As evidenced earlier, the Indian jurisprudence has a very limited arsenal of laws that are targeted towards controlling the vertiginous spread of fake news. Its legislative framework is primarily dependent upon §505(1)(b) of the IPC and §54 of the DMA, which has been in the headlines in the midst of the 2019-nCoV outbreak. Considering the ramifications associated with the widespread dissemination of unverified pieces of information on the internet, it is indeed surprising that the Indian cyber regime still does not have a dedicated provision to govern the spread of rumours on the web. On similar lines, the Law Commission of India in its 267th Report had recommended to add §153C and §505A to the IPC in order to prohibit the dissemination of inciteful speech on the internet. Even the Department of Promotion of Industry and Internal Trade had released a Draft National E-Commerce Policy, holding the intermediaries responsible for the genuineness of the content posted on their websites.
Since all such measures have egregiously failed to tackle the spread of fake news, this section aims to elucidate a few non-legislative measures which may be undertaken by the Indian framework to ameliorate their current stance vis-à-vis combating fake news. Firstly, the Indian regime may take interpretative cues from the cyber regimes of Malaysia and Qatar, since both these jurisdictions have already launched information-verification-websites, i.e. ‘sebenarnya’ and ‘lift the blockade’ to fight the disinformation campaigns. Secondly, the inclusion of media literacy within the nation’s legal curriculum, as seen in Canada and Taiwan, may also help it to efficiently overhaul its cybersecurity laws. Additionally, many other nations have also funded research projects employing artificial intelligence (“AI”) and machine learning to detect questionable content. For instance, the U.S.A. has backed ‘ClaimBuster’ which employs national language processing techniques to spot factual inconsistencies. The AI Foundation has also developed a software named ‘Reality Defender’ which aids in the early detection of fake news. Furthermore, some major intermediaries such as Facebook and Google have also formed an Information Trust Alliance to effectively weed out fake content.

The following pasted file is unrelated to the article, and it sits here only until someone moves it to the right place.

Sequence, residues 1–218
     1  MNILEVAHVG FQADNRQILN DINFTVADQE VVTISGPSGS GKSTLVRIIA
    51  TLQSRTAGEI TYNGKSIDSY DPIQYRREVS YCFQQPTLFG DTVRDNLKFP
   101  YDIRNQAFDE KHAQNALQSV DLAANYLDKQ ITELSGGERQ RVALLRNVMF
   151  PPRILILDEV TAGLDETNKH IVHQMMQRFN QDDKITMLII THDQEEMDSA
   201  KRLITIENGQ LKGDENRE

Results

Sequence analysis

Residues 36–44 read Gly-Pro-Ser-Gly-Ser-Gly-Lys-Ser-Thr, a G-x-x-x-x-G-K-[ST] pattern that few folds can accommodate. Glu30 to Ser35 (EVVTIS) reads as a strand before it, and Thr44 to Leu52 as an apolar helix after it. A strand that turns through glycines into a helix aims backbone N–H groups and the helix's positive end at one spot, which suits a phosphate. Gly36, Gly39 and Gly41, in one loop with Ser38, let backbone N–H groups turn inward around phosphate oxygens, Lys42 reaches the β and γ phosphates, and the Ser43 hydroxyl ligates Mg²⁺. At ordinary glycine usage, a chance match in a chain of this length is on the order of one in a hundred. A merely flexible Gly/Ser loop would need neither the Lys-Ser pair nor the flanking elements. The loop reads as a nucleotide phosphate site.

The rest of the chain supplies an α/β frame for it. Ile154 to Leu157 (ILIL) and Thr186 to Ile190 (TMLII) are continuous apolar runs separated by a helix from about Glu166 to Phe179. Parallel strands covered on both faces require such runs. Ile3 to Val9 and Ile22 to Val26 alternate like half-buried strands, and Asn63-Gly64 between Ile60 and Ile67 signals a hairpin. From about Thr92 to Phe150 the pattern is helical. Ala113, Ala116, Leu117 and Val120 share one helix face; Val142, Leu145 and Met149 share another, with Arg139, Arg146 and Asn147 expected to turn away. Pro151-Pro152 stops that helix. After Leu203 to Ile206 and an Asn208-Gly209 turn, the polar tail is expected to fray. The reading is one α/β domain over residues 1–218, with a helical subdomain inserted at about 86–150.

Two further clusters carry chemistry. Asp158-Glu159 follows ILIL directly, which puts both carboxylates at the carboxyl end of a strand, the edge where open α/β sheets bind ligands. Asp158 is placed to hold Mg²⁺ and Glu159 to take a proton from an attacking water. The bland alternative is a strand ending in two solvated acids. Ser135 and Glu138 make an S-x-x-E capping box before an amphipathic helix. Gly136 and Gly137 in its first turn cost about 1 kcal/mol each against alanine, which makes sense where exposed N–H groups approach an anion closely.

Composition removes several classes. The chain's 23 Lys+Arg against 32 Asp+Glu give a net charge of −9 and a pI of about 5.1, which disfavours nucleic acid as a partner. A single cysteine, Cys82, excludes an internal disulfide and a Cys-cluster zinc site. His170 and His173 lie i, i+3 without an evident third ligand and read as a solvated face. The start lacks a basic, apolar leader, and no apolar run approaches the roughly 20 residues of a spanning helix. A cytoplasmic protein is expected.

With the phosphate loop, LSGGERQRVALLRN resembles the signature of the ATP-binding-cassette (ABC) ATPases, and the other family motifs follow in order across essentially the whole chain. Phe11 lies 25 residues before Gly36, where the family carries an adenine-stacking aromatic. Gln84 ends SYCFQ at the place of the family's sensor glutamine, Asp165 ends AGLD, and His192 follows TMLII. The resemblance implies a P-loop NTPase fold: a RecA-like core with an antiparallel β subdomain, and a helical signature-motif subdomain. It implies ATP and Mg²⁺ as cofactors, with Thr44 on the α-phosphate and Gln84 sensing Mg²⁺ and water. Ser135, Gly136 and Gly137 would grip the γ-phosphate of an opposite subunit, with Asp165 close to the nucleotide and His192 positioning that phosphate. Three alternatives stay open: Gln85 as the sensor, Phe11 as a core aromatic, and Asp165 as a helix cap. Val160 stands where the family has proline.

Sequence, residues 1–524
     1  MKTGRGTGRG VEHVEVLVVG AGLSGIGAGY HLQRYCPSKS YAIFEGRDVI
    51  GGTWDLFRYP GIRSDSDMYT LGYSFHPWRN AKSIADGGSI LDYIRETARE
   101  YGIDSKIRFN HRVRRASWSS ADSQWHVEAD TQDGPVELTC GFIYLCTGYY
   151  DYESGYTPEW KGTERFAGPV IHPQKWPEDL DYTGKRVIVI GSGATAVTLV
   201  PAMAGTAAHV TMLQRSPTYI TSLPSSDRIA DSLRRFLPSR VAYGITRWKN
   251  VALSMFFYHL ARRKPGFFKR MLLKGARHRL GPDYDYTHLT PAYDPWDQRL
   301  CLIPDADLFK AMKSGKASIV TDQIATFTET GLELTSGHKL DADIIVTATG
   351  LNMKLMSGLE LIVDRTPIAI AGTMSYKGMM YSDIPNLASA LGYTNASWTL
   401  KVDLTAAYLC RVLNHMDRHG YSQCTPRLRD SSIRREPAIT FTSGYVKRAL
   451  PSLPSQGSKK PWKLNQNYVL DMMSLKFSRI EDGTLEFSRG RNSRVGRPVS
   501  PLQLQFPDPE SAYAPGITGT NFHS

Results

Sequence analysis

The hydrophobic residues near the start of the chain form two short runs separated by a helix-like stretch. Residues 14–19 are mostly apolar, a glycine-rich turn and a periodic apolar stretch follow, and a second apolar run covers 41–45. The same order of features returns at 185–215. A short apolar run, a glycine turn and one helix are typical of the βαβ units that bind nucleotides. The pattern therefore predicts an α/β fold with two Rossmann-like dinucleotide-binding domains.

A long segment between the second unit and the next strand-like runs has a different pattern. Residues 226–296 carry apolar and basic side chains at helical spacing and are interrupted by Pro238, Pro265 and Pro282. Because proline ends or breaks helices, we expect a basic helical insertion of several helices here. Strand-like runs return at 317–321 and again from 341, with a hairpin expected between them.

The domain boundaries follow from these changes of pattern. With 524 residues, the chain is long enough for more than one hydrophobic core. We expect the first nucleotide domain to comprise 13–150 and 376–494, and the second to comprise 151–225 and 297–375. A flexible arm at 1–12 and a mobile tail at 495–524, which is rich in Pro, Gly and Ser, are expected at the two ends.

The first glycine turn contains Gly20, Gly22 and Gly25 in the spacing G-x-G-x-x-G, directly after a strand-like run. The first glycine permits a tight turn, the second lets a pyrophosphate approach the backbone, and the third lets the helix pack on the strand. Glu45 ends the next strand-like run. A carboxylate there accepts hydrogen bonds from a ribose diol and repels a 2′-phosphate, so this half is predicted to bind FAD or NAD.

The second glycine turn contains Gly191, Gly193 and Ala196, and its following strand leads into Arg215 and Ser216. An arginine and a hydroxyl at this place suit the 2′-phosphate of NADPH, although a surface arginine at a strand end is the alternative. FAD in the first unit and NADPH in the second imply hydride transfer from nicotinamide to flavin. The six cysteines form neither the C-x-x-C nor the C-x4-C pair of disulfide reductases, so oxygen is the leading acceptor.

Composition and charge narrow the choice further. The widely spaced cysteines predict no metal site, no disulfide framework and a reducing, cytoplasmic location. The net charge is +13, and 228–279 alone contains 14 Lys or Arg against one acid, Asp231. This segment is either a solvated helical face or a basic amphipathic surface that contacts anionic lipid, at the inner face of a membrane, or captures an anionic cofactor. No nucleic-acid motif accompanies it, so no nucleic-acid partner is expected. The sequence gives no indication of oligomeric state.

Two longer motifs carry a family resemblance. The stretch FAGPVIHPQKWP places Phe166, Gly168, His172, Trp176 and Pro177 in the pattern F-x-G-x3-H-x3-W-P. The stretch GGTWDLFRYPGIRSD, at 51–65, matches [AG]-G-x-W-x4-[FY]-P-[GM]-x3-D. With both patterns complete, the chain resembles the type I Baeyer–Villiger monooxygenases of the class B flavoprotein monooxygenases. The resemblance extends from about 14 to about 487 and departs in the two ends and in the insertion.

The blog aimed towards addressing the shortfalls of our current legal framework when it comes to tackling the vertiginous advances in the circulation of fake news online. It is disheartening that social media platforms have gone from being sophisticated platforms for public discourse and civic engagement, to being silent intermediaries to the transmission of misinformation on the internet. By recommending some measures to mitigate the rigours associated with the widespread circulation of fake news, this blog argues that the social media intermediaries must address the moral obligations which come as a part and parcel of their massive global influence. While it is imperative for these platforms to maintain their neutrality, they also have a corresponding obligation to uphold a pluralistic climate of opinion wherein, the public consensus is negotiated based on a legitimate factual matrix.
[i] Zeran v. AOL, Inc., 129 F.3d 327, 330 (4th Cit. 1997)
[ii] Fair Hous. Council of San Femando Valley v. Roommates.com, LLC, 521 F.3d 1157, 1164 n.15 (9th Cir. 2008)
[iii] Madhu Limaye v. Sub-Divisional Magistrate, Monghyr & Ors., 1971 AIR 2486.
This article has been authored by Prateek Joinwal, a student at West Bengal National University of Juridical Sciences.